Directed by Benson Lee
Official Selection, 2015 Sundance Film Festival
Gala Screening, 2015 Los Angeles Film Festival
Opening Night Film, 2015 CAAMFest
Holy hair gel. When an international airport doubles as an Asian American catwalk of glorious 1980s badassery, you know you’re in for a good time. Benson Lee’s SEOUL SEARCHING lets the sights and smells of kyopo teen spirit take over in a summer camp movie for the John Hughes fan in all of us. With a sparkling ensemble cast, SEOUL SEARCHING is an achievement – a feel-good genre film that is also utterly Asian American.
SEOUL SEARCHING delivers what a summer camp film should: an unlikely crew of friends, all those feelings, intoxicated quandaries. And most importantly, a sonic bath of music that will leave you crooning Erasure for days. Based loosely on Lee’s personal experience, a group of young Koreans from around the world converge in Seoul for a government-sponsored camp, a program designed to connect the offspring of overseas Koreans to the motherland, but which became legendary for hookups of another kind. What it means to “be Korean” may hang in the air, but much of the fun in SEOUL SEARCHING comes from dodging the question and reveling in the messiness of multiple geographies and cultural compasses. With heritage politics relegated to indelible background noise, Lee’s characters – an anarchic Sid Vicious, a wannabe Madonna pastor’s daughter, a racist military brat – care less about the historic protests happening outside and more about scoring the next case of soju.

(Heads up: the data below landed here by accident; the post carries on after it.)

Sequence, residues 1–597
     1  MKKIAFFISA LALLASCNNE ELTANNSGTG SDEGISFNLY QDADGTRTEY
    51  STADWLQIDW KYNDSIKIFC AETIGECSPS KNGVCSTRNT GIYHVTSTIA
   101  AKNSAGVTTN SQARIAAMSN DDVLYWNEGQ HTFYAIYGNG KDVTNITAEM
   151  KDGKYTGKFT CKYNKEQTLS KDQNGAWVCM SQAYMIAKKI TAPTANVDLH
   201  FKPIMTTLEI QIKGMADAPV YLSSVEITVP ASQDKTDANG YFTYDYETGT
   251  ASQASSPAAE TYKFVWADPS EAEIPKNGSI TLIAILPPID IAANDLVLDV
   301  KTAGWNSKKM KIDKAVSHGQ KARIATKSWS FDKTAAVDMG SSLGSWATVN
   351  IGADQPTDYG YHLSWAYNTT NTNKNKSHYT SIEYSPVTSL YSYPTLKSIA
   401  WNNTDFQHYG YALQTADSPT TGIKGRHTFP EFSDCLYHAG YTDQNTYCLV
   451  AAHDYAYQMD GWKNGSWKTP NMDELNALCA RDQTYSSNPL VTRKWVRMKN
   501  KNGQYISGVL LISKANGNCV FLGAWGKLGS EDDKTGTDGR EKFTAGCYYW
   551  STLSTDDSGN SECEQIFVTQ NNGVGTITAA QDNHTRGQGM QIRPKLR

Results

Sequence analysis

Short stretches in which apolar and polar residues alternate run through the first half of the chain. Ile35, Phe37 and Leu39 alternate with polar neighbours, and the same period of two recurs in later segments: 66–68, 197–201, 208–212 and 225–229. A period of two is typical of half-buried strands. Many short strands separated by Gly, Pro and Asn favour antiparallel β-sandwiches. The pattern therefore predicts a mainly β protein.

SEOUL SEARCHING throws the invisible Asian stereotype out the window with a Doc Marten kick in the ass. And what a bench of actors to pull it off. The performances are smart, evocative, and spirited. With Korean celebrity Cha In-Pyo alongside a young all-star cast from around the world, Justin Chon (21 & Over) continues his string of crisp and crackly performances, while Jessika Van’s breathy dance between sultry camp and drama reaches transcendent heights in a drinking close-up for the ages. It’s a cast that feels like the future the way the cast of Breakfast Club did, but in a way that hits a little closer to home, on whichever continent that may be. It’s a future to hope for. –Christina Ree
Co-presented by: Korean American Coalition of San Diego